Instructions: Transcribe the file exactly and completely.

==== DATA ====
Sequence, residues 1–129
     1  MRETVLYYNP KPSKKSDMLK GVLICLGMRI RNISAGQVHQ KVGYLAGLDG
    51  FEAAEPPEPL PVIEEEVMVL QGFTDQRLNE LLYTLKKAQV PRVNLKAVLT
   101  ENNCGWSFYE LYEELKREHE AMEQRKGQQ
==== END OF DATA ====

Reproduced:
Sequence, residues 1–129
     1  MRETVLYYNP KPSKKSDMLK GVLICLGMRI RNISAGQVHQ KVGYLAGLDG
    51  FEAAEPPEPL PVIEEEVMVL QGFTDQRLNE LLYTLKKAQV PRVNLKAVLT
   101  ENNCGWSFYE LYEELKREHE AMEQRKGQQ